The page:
The Black-Scholes model yields the price of options (whether put or call options). The theory behind Black-Scholes model is quite complex. We have to deal with stochastic calculus and Ito’s integral. The solution of the Black-Scholes differential equation on the other hand is not that hard. We can implement it in Python with a few lines of codes. In this article we will discuss how to end up with the option price with simulation.
We know that the underlying asset (stock in this case) follows a Wiener-process.
dS(t) = μ S(t) dt + σ S(t) dW
We can obtain the log S(t) because we know for certain that stock prices can not be negative. So let’s use Ito’s lemma with F(S) = log S(t):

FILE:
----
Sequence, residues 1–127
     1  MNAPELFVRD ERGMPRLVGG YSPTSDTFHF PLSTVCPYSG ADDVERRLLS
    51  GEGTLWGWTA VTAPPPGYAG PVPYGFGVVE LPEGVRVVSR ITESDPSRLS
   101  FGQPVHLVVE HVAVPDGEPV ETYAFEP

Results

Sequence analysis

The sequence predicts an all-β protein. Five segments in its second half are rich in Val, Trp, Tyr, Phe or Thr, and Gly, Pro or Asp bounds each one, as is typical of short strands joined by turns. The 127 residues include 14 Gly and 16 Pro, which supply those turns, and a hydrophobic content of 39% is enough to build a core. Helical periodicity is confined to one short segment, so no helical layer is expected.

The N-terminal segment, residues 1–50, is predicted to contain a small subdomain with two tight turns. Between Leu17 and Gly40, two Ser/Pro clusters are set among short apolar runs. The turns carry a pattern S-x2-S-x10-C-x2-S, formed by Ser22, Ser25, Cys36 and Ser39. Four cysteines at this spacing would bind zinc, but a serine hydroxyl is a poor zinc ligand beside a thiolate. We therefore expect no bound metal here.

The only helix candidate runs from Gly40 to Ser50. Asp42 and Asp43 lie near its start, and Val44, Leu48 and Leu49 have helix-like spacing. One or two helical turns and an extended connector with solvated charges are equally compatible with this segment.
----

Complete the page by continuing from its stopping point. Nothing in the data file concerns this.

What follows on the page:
d log S(t) = (μ-½σ2)dt + σdW
What is a Wiener-process W(t)? It is a random walk with mean 0 and variance t, so we use N(0,t) normal distribution. It can be rewritten as √t N(0,1) which is the standard normal distribution. So the solution of this stochastic differential equation is something like the exponential function.
S(T) = S(0) exp [(μ-½σ2)T + σ √T N(0,1) ]
OK this is the formula we have to use during simulation: we know this equation defines the behaviour of stock prices. In the Monte-Carlo simulation:
- ) we have to generate a large amount (~10 000) of stock price estimates according to the S(T) equation above
- ) we have to use payoff-functions: for a call-option it is max(S-E,0). Because options are just the right to buy or sell a given option: we can make a profit of S-E (E is the strike price) or we do not buy the option (call option is the right to buy, put option is the right to sell)
- ) we have to calculate the expected value: which is the average basically
- ) we have to use discount factor because of the time value of money (we want to calculate the present value of a future cash flow)